I spent the first year of my new gig mourning. Click To Tweet
I mourned the lack of a faculty retreat (a fun and meaningful tradition at my previous school). I mourned the loss of students with whom I’d built deep relationships. I even mourned mealtime: My last school fed us well (and free!) every day, with lunches akin to most gourmet restaurants. Lunch period had also been my chance to bond with students. Eating with them gave me insights into their lives beyond the classroom and helped me reach them better. There would be none of that here. A sterile, overpopulated cafeteria with bland fare was the best that my new school had to offer. And I could forget eating with students; they were lucky to get their lunch acquired and consumed before the bell rang.
Compounding these problems was the complexity of my new students. They were a different kind of exceptional. While I’d spent the last six years teaching students with dyslexia, ADD, ADHD, Asperger’s Autism, and similar diagnoses, my new students’ intellectual giftedness was overwhelming. In fact, some of them were too smart for their own good. It annoyed me when they were one step ahead of my lesson plan, even though I should have been proud of them. When they came to class with extensive prior knowledge of something I wanted to be new, it deflated my pedagogical hopes. What’s more, I hadn’t developed a single strategy to address situations like these. Time for more mourning.
Head in hands, I had an anxiety overload. Click To Tweet
Did I mention the bureaucracy? At my prior school, I did largely what I wanted with students when I wanted, within reason. All their forms had been filled out before the school year started: field trip waivers, financial documents, transportation paperwork, and the whole array of necessary red-tape had been completed before they ever came into my classroom. If I wanted us to go somewhere, we went. If I wanted us to watch and discuss a controversial film, there were no problems with that. Almost any book was okay to teach, no “approved list” needed. Teachers, once their mettle was proven, were trusted to do what was in the child’s best interest. The autonomy was beautiful, and the results were like something out of a teacher movie.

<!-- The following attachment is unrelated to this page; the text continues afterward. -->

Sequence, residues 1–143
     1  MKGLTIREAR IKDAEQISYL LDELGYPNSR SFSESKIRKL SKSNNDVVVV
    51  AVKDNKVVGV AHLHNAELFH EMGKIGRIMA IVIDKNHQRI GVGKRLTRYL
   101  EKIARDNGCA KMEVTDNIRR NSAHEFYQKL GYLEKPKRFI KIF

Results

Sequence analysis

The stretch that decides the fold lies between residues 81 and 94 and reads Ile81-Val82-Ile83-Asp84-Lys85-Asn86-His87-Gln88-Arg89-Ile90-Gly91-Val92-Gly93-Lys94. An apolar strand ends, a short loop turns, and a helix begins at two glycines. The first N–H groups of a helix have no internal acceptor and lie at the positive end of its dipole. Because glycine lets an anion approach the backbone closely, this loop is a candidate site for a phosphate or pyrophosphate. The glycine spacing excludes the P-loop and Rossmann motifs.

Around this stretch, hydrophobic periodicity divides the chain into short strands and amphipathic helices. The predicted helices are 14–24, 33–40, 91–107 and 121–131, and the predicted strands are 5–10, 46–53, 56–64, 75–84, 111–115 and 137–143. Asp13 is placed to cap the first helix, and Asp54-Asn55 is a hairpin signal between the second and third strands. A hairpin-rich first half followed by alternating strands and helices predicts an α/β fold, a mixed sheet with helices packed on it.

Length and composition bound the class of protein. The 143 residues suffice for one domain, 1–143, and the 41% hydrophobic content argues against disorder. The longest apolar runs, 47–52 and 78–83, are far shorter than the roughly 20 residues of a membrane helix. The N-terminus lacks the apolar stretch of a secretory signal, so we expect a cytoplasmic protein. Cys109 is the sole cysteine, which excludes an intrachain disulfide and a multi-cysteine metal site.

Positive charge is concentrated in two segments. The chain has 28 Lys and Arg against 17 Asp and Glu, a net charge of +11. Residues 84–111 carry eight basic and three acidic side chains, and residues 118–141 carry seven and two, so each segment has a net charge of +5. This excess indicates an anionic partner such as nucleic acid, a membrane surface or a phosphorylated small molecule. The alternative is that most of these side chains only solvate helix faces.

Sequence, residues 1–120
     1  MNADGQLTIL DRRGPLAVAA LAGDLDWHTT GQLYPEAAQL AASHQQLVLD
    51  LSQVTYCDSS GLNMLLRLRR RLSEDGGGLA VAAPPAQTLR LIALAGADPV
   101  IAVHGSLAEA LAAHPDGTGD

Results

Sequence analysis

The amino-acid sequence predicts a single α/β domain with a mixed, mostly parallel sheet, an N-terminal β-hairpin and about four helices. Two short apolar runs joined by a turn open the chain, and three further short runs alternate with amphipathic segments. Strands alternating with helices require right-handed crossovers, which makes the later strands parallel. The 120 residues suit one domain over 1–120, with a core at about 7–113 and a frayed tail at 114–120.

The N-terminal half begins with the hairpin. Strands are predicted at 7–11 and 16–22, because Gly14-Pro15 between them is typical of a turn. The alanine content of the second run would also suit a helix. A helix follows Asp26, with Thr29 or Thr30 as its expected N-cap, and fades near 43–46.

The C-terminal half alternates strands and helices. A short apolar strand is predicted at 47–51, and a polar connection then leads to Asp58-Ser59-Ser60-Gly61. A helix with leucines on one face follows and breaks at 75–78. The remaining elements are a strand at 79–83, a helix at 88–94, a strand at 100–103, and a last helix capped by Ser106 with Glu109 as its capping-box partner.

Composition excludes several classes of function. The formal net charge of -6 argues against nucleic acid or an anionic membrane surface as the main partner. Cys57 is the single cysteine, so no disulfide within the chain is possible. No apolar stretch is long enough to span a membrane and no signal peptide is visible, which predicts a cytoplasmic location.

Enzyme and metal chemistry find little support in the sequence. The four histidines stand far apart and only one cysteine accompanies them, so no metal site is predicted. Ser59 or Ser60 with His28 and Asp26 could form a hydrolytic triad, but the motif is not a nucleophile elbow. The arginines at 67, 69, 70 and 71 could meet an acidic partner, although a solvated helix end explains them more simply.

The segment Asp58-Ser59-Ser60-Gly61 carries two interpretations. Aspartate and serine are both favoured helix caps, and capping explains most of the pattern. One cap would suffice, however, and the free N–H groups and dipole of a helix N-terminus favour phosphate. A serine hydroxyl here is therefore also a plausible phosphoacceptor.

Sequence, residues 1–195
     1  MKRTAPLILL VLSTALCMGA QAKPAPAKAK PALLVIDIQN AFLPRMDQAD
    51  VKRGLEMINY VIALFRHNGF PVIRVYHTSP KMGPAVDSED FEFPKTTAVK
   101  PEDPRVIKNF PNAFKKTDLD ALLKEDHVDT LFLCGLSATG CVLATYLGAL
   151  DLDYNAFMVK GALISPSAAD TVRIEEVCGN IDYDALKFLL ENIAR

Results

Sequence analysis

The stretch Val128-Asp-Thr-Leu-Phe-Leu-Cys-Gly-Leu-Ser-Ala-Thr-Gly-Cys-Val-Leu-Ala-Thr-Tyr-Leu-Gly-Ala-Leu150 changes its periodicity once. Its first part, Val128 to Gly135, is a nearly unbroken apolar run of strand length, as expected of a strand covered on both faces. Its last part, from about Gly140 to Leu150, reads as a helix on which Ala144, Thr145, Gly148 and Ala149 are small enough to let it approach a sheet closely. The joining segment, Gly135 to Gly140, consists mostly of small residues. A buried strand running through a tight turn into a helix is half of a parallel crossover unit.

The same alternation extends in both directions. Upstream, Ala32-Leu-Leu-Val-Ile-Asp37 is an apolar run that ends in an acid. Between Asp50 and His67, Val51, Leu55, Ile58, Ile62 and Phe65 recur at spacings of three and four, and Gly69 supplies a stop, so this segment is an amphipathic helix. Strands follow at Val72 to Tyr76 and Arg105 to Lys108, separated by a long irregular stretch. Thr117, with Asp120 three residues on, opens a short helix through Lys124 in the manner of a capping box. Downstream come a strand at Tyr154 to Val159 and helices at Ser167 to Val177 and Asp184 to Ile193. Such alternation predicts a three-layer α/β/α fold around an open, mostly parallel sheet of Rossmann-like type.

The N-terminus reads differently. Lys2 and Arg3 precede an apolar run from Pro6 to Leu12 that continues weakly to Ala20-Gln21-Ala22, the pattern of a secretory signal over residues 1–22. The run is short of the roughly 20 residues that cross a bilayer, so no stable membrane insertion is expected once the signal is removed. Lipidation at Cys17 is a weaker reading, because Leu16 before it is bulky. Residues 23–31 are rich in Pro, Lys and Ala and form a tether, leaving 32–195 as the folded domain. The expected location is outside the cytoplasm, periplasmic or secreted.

At my new school, there were forms to complete for even the most menial reasons. Larger events like field trips or fundraisers were nightmares of countless papers to complete and collect, so much so that I was discouraged from even mentioning them. I knew there would come a tsunami of signature-gathering and legalistic procedures. No thanks. We’ll just stay right here and scrape for resources, I foolishly decided.
Before my first year was even two-thirds over, I was seeking other opportunities elsewhere. This was just going to be too much, I decided. I had little parent support, and my administrator was understandably perplexed. Where was this super-teacher my last school had described to him? Why wasn’t I innovating? Inspiring? Buried in my own professional grief, miserable in a situation of my own making, I reverted to a survival-mode teacher. Worksheets and videos became the norm rather than a backup plan, and I planned to just wait out the year until summer.
But something happened in the meantime. A few key students with whom I’d connected came to me, asking for more assignments like we’d had early on in the year (when I was still inspired-though-egotistical). They wanted to write, really write, and they knew I had something to offer. Their concern and authenticity stirred my creative juices. We began doing work that was meaningful and engaging, and even though I’d alienated some students with my toxic attitude, many more got on board and began to produce really worthwhile pieces. It was late in the game, but maybe there was hope for a final-inning comeback.
I’d like to tell you this story ends with some victorious Stand And Deliver-type moment, but that wouldn’t be accurate. I did build some relationships with both students and parents, and we did manage to put together a decent literary magazine (although it wasn’t produced by year’s end, thanks to a lousy publisher). But the lesson I learned from my grieving year is one I hope to pass on to educators everywhere. You don’t have time to mourn. Cherish those memories you produced at your last great place (if it was great), and move on. Sure, this is easier said than done, and maybe it’s not fair. Loss is hard.
But for the sake of your new students and your new school, your best self is required. Click To Tweet
And that version of you — the super-teacher — can only make an impact if your head and heart are clear.
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